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Two men jailed over murder of dissident republican Peter Butterly

The father-of-three was shot dead in Meath in 2013.

Gardai examining a car at the scene of the fatal shooting in Co Meath in 2013.
Gardai examining a car at the scene of the fatal shooting in Co Meath in 2013.

TWO MEN WHO played roles in the murder of dissident republican Peter Butterly have been jailed by the Special Criminal Court.

Peter Butterly (35) was chased and shot dead outside the Huntsman Inn, Gormanston, Co Meath, in view of students waiting for their school bus on the afternoon of 6 March 2013.

The father-of-three died from gunshot wounds to his neck and upper back.

Michael McDermott (60) was today sentenced to four years in prison, with the final six months suspended, while his co-accused Frank Murphy (59) was jailed for three years with the final year suspended.

McDermott, of Riverdale House, Garrymore, Ballinagh, Co Cavan, pleaded guilty in November last year to helping an unlawful organisation murder Butterly.

McDermott admitted to knowingly rendering assistance to the so-called Irish Republican Army, otherwise known as Óglaigh na hÉireann or the IRA, directly or indirectly at diverse locations within the State between 3 and 6 March 2013.

In the same month, Frank Murphy, of McDonagh Caravan Park, Triton Road, Bettystown, Co Meath, pleaded guilty to committing an act to impede the apprehension or prosecution of former accused-turned-State-witness David Cullen, knowing or believing him to be guilty of possession of a firearm in suspicious circumstances within the State on 6 March 2013.

Both men had originally pleaded not guilty at the three-judge court to the murder of  Butterly and their trials had been under way since the beginning of October last year, the court heard.

Sentencing McDermott this morning, Mr Justice Paul Coffey said the only assistance the court could be sure that the defendant was involved in was the recruiting and instructing of Cullen in the disposal of the murder weapon.

Having regard to the gravity of the offence, the judge said it was at the lower end of the higher range and the maximum sentence was eight years in prison.

The appropriate starting point for this offence was six years imprisonment, the judge indicated. Although McDermott’s guilty plea was not offered at the earliest opportunity, it was timely and valuable, outlined Mr Justice Coffey added.

The court also took into account that McDermott has no previous convictions and is a “loving and supporting” husband and father.

The judge said the court would reduce the headline sentence of six years to four years imprisonment. Following this, Mr Justice Coffey said the court would further suspend the last six months of the sentence on condition that McDermott entered a peace bond to be of good behaviour for a period of four years.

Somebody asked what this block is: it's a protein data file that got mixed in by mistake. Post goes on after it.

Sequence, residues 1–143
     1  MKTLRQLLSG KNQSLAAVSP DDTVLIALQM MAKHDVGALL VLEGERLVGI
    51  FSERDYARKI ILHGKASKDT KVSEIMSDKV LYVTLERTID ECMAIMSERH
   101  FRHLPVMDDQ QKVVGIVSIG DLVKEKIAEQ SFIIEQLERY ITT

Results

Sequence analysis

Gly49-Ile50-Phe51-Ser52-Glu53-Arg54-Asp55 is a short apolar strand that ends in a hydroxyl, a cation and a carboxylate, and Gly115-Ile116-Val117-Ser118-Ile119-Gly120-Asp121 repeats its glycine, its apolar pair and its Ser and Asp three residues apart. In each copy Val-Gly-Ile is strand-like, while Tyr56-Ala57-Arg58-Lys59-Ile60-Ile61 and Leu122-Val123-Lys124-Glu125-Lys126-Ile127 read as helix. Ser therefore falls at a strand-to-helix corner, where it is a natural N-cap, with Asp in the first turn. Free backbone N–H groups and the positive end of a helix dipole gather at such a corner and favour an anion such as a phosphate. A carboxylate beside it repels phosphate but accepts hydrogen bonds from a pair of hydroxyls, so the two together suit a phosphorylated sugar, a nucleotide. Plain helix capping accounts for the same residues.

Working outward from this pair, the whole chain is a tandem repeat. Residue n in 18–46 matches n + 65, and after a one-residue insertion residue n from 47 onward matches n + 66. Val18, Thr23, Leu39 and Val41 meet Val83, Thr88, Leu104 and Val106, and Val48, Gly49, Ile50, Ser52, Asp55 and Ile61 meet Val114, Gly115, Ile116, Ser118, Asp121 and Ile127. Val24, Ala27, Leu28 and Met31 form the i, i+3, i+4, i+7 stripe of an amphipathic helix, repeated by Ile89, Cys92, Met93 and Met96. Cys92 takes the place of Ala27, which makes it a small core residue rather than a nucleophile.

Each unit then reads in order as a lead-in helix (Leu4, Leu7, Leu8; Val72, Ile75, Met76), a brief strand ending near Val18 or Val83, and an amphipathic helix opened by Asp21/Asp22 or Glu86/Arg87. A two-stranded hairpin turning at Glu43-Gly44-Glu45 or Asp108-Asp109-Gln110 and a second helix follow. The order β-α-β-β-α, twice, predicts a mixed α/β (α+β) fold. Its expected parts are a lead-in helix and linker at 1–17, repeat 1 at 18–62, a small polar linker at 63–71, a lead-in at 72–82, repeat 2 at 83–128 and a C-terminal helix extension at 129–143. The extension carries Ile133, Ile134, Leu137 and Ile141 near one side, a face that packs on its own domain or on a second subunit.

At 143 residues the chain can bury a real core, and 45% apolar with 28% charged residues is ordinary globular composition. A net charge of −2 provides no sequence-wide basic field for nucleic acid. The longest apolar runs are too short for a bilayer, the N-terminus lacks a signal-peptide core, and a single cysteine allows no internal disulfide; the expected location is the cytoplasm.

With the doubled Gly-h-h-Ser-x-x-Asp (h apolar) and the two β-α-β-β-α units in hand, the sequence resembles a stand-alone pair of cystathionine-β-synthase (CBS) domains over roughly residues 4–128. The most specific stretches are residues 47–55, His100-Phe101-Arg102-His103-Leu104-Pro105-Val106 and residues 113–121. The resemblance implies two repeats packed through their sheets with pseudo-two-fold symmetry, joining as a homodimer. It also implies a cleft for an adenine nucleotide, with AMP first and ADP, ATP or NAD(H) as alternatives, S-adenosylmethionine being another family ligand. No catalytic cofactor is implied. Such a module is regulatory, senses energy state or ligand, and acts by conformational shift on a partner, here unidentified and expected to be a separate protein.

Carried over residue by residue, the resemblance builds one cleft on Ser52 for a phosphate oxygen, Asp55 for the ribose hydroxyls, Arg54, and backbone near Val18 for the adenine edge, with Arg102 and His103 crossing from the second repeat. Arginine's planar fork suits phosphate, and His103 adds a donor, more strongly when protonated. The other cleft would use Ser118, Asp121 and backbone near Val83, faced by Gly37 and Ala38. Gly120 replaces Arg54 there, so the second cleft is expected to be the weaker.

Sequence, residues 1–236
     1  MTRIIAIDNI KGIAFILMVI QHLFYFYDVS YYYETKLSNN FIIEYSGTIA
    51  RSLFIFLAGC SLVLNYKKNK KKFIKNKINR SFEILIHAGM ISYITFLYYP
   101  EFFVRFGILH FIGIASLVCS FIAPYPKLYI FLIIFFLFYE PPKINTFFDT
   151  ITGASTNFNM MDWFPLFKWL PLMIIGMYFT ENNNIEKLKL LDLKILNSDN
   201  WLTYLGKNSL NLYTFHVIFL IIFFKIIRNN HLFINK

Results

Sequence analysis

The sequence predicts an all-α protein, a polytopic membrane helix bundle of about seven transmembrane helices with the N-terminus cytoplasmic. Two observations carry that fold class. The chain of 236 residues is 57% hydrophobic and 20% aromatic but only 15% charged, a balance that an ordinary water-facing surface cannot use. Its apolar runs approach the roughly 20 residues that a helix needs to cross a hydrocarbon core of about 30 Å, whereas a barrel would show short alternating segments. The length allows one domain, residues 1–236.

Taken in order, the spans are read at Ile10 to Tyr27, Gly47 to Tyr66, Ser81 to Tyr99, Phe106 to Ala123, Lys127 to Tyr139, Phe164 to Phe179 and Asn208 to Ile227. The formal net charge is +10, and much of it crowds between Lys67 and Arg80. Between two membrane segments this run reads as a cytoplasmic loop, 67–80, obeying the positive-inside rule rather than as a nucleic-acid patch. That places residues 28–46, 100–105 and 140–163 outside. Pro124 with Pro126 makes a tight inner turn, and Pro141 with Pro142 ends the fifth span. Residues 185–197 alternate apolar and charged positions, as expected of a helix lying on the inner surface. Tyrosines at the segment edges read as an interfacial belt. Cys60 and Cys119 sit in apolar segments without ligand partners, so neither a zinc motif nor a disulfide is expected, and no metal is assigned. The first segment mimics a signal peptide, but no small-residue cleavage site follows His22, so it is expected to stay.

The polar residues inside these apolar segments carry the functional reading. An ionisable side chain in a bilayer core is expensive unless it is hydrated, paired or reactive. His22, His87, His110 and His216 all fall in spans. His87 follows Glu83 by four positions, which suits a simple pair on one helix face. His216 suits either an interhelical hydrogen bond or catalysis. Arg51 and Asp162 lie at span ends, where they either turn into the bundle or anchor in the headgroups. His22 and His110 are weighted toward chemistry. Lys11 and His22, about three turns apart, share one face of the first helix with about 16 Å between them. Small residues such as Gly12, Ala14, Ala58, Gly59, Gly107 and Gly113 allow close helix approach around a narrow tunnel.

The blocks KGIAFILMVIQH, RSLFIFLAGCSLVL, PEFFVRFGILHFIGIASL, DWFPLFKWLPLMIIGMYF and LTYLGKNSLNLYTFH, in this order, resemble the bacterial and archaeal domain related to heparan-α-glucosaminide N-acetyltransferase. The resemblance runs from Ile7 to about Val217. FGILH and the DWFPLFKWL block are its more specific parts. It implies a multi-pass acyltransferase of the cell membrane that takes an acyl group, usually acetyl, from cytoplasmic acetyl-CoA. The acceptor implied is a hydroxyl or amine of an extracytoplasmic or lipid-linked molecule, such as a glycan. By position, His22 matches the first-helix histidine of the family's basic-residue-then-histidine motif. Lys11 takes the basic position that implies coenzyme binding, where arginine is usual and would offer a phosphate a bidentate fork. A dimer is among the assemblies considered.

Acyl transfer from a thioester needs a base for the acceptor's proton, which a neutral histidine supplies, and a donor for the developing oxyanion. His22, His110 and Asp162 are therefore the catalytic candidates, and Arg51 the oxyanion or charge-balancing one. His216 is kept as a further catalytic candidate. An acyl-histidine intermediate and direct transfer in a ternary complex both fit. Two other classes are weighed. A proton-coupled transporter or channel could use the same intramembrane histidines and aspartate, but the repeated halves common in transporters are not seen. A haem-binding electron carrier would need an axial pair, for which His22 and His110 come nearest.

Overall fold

Mr Justice Coffey, sitting with Judge Martin Nolan and Judge James Faughnan, sentenced McDermott to four years imprisonment with the final six months suspended, backdated to 12 October 2018 to take into account time spent in custody.

Recorded by gardaí 

Referring to Murphy, Mr Justice Coffey said the maximum sentence for impeding the apprehension or prosecution of a person was seven years in prison.

The judge said Murphy had driven to Gormanston College with the intention of picking up Cullen but Cullen was almost instantaneously apprehended by gardaí. There was unchallenged evidence that, on the day after the shooting, Murphy attended a meeting that was covertly recorded by gardaí, the judge said.

The court said the starting point for this offence was four and a half years in prison.

The mitigating factors in Murphy’s case were that he has no previous convictions and has suffered from failing health in recent years.

Mr Justice Coffey said the defendant was also prepared to give an undertaking to the non-jury court not to associate with anyone in an unlawful organisation or with anyone charged or already convicted by the Special Criminal Court. On account of this, the court reduced Murphy’s sentence from four and a half years to three years.

Mr Justice Coffey said the court would further suspend the final year of Murphy’s sentence if he entered a peace bond to be of good behaviour for a period of three years.

The three-judge panel sentenced Murphy to three years imprisonment with the final year suspended, backdated to 14 November 2018 to take into account time already spent in custody.

Following sentencing the two men gave little reaction before they were led away by prison officers.

Cullen was previously charged with the murder of Butterly, from Dunleer, Co Louth.

In July 2014, Cullen pleaded guilty to the unlawful possession of a semi-automatic pistol at the Huntsman Inn on the day of the shooting. His plea was accepted by the DPP and a nolle prosequi – a decision not to proceed – was entered on the count of murder and he turned State’s witness.

Cullen was sentenced to seven years in prison, with three and a half years suspended, for possession of the firearm in July 2014.

Four men – Kevin Braney (44), of Glenshane Crescent, Tallaght, Dublin 24; Edward McGrath (37), of Land Dale Lawns, Springfield, Tallaght; Sharif Kelly (49), of Pinewood Green Road, Balbriggan and Dean Evans (27), of Grange Park Rise, Raheny, Dublin – have all already received life sentences at the Special Criminal Court following convictions for Butterly’s murder.

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About the author:

Alison O'Riordan

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